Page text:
Instagram keeps showing me kids’ tragedies | MarketingwithAnoy

In the bladder, nights without sleep after my son was born, I spent unholy time looking at my phone. Too tired to read, too nervous to handle a podcast at all, I distracted myself with TikToks, tweets and Instagram posts. Social media pushed everything baby, from ads for “chilling” gadgets to tips on how to introduce your dog to your infant. Most new parents who go online see a stream of baby content; at this point, it’s creepy, but not remarkable. My digital footprint made it particularly easy for the algorithms to push me onto the Mommy Internet when I forcibly googled pregnancy questions (“can baby kick hole through the placenta”) and peeked at too many parenting forums. Joining Mommy Internet felt mostly reassuring. A step in the right direction, as obligatory to swallow a prenatal vitamin.

But something on my screen has constantly surprised and rattled me in this first year of parenthood. In quiet nap times spent scrolling through my feeds, I have found myself overwhelmed by posts about babies and children who are sick, dying or dead. While I watch the collapse of recipes and home makeovers on TikTok, videos emerge from mothers mourning the untimely deaths of their children, which are impossible to flip away. My Instagram Explore page often suggests accounts that focus on or commemorate babies with serious health challenges and birth defects. My husband has walked in on me, looking at my phone and crying over children I do not know so many times that he (gently, reasonably) has suggested a break on social media.

Despite the visceral distress they evoke, these videos keep appearing on my screen for one reason: because I see them. Greedy. I remember the names and conditions of these vulnerable children, whether they are living with San Filippo syndrome or enduring chemotherapy, whether they have just died of myocarditis or SIDs. I remember their siblings and favorite things. I’m checking up on them. If they’re dead, I’ll check their parents. A tourist sniffing into the land of the sick children, I have absorbed the morbid language of digitally mediated death, which “so-and-so got its wings” and the eerily popular “Happy Heavenly Birthday!” All the social platforms require commitment at their core; I’m so engaged I’m shaking.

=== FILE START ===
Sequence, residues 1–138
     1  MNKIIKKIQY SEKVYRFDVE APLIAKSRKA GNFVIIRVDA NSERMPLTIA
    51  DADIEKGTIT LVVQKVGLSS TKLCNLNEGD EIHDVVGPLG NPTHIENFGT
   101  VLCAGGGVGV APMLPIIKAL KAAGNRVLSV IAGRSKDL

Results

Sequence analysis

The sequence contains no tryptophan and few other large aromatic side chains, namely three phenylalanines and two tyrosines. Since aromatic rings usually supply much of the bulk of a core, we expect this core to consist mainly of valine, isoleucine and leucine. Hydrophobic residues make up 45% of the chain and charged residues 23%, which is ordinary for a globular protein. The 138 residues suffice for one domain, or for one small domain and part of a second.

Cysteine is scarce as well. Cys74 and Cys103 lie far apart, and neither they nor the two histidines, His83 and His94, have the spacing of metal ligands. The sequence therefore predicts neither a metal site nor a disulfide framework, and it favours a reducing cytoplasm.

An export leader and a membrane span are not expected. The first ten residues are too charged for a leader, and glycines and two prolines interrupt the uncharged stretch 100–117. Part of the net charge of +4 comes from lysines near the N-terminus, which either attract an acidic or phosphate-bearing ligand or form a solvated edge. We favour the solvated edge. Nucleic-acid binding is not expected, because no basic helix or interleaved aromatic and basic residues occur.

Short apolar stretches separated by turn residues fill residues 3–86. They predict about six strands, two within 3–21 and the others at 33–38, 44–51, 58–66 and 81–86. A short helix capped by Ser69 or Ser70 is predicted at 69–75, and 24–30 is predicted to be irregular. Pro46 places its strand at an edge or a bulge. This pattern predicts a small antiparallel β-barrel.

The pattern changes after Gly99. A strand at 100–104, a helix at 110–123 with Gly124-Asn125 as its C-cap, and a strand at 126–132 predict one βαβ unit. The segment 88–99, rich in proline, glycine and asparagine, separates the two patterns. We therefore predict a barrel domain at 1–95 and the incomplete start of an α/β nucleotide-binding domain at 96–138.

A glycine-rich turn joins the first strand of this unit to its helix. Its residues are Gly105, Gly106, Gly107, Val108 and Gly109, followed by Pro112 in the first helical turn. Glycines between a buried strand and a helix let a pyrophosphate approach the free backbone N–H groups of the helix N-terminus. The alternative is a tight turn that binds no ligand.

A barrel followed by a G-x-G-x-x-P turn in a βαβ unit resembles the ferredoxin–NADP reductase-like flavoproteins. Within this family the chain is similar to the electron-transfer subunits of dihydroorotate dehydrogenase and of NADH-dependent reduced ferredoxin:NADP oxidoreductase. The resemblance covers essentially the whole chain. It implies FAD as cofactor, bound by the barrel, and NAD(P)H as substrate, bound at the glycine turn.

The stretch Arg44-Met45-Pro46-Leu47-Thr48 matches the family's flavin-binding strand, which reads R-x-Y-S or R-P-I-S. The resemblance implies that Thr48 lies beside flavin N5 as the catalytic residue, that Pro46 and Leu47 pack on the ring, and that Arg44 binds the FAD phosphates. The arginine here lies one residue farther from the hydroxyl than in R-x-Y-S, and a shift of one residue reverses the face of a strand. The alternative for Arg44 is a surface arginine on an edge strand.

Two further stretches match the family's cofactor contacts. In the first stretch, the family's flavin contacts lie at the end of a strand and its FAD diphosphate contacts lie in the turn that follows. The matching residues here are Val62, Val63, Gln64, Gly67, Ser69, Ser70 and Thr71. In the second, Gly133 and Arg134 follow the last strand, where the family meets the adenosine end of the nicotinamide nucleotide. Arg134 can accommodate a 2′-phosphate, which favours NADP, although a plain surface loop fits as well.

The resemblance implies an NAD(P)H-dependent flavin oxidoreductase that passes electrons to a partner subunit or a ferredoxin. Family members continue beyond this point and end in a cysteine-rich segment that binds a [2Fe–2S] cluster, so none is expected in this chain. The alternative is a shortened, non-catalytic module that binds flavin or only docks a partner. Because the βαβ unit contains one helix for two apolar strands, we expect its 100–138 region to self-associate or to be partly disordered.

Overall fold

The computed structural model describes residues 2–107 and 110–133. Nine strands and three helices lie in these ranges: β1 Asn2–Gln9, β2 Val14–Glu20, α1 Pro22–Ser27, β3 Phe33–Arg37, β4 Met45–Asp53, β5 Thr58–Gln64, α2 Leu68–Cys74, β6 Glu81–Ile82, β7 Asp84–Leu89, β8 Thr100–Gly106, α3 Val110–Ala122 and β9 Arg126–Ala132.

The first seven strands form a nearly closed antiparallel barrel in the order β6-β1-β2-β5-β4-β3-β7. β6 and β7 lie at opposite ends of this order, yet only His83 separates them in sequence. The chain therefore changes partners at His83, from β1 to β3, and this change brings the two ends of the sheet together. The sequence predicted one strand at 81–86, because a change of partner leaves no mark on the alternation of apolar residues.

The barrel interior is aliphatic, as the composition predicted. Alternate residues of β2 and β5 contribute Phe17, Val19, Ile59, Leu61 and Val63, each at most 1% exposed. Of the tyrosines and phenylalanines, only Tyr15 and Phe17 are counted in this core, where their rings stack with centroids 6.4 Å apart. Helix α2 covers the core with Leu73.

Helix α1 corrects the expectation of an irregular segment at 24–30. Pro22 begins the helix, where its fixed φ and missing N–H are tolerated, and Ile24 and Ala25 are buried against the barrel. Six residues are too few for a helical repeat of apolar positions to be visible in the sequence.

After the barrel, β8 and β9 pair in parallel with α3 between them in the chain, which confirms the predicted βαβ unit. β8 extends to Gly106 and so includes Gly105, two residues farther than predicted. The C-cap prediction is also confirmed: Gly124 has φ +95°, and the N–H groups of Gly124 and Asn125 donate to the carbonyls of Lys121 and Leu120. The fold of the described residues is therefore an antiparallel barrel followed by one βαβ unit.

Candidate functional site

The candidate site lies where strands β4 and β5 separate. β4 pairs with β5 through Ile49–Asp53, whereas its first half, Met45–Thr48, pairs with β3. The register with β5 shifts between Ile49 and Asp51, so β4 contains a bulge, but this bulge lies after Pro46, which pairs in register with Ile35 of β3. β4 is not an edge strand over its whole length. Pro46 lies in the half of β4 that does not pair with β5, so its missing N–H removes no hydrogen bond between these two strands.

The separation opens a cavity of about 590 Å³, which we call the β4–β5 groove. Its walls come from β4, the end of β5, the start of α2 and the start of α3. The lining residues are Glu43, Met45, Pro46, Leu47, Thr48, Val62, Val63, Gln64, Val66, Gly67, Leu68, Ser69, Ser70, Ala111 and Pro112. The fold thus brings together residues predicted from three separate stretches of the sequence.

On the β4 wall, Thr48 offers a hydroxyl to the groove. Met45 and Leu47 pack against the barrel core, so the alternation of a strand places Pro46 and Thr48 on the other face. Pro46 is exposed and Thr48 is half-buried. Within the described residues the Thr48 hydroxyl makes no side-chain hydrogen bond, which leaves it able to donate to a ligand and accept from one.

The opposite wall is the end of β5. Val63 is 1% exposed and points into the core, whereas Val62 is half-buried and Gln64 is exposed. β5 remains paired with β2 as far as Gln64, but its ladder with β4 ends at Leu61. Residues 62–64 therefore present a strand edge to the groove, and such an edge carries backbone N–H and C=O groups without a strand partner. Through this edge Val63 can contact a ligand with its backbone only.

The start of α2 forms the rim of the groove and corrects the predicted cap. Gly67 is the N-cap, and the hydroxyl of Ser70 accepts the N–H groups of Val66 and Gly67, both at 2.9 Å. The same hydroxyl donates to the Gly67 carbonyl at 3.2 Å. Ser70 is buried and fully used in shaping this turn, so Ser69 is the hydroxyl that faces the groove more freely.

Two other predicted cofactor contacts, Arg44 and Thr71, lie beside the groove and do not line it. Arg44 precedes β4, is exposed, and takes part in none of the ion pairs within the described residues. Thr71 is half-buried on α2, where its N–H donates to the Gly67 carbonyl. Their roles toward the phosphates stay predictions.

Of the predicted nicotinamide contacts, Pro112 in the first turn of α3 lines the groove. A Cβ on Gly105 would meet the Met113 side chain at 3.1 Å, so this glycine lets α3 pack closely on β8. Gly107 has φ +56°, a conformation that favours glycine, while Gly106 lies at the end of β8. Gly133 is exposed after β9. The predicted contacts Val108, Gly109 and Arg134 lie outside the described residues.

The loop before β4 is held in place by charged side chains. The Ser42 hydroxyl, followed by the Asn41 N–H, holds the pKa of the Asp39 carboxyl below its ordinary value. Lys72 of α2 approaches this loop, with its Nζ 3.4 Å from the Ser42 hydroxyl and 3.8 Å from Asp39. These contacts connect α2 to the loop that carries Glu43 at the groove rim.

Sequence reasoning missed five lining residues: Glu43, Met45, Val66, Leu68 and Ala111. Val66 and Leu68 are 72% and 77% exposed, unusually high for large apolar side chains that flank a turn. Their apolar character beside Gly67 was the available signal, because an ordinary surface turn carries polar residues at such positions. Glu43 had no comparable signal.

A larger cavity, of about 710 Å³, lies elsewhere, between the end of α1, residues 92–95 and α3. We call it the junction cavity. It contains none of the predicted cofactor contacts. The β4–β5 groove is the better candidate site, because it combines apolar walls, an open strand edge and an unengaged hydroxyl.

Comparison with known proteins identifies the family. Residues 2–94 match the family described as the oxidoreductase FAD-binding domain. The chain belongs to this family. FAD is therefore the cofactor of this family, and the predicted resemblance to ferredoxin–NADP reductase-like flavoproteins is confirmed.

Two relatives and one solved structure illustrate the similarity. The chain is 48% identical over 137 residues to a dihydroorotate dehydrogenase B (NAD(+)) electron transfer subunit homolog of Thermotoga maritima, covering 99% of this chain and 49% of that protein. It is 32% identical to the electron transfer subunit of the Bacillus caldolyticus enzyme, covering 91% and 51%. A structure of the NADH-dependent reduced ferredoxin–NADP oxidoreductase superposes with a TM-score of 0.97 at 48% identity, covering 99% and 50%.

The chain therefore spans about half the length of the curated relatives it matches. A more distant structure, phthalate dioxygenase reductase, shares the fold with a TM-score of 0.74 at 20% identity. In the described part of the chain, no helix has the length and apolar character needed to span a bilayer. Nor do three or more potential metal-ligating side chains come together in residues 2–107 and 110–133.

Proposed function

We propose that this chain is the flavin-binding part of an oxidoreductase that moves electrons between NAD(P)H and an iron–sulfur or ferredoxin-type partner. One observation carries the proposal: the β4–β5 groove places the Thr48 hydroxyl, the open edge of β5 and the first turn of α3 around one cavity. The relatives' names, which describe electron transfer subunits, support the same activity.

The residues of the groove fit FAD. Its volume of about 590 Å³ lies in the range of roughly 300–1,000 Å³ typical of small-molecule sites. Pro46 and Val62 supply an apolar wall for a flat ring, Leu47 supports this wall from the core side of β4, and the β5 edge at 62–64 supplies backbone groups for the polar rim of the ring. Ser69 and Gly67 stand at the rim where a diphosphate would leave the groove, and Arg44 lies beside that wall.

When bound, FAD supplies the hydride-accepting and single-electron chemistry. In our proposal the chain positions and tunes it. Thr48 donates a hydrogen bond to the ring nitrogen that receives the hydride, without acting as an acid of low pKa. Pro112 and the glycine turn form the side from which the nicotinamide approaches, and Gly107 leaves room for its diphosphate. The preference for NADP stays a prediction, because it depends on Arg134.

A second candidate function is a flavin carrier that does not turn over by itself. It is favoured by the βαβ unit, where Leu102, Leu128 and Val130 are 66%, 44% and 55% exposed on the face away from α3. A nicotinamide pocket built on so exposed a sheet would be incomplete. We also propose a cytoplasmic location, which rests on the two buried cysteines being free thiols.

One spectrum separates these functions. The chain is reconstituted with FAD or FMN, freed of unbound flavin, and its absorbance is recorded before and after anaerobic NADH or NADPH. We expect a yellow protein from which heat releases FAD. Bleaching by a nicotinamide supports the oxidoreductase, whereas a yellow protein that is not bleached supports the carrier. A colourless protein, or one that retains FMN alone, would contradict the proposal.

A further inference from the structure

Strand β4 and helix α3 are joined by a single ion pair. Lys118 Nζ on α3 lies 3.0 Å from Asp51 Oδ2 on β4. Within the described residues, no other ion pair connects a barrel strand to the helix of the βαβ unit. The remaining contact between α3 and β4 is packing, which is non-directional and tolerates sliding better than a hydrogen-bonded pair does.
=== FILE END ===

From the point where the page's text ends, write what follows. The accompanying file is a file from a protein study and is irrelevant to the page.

Do I ingest content about sick and dead babies like entertainment, in the same way that someone might watch a horror movie? There is a certain overlap, I think, in my behavior here and the habits of avid true-crime fans, who pick up grim broadcasts on real-life violence – including child abductions – with such enthusiasm that they have boosted a content boom for everything murder has. and gore. There is a theory that the popularity of genuine crime among women, in particular, is linked to their fear of falling victim to crime. Seeing it can provide a soothing moment, an opportunity to let go of pent-up worries. This is without a doubt associated with my anxiety.

And yet the sick children in my feed give me no release. I feel an obligation to mourn over them once I know about them, but if I could press one button to hide all content regarding sick or dead children, I would do so. It is only when it is served to me that I feel the urge to look. The algorithms clearly spun my postpartum nerves. When I was eight months pregnant, the doctors told us that my son had a congenital kidney defect, severe enough for us to prepare for surgery shortly after birth. Shortly before his term, we were told that this initial diagnosis was incorrect. His kidneys were fine. But learning this did not dry up the endless reservoir of fear that accumulated in my bowels. Nothing could. And to see these precious babies endure a fate we escaped feels like hitting a snake on full blast and letting that reservoir flow over.

Most of these the accounts are handled by the parents. In many cases, they already largely documented their children on social media, and therefore the part-everything logic of their lives followed in acknowledging illnesses or medical events. In other cases, they seem to have made the accounts specifically to tell their sad story. The impulse to feel less alone in a sad hour is painfully related, as is the desire to teach people the reality of situations that are often cleared or ignored. Sharing about dark times can be a channel to connect with other people experiencing similar strife. It’s not unusual behavior – there are so many people with deadly diseases and in end-of-life care who talk about it on TikTok that there is now a nickname for it, “DeathTok. “And although the Internet facilitates these conversations, it is not as the social networks invented public mourning, or even public mourning by capturing the image of a deceased child. In Victorian England, for example, people dressed up and posed their dead children for photographs in an attempt to document them, to show the world they existed.

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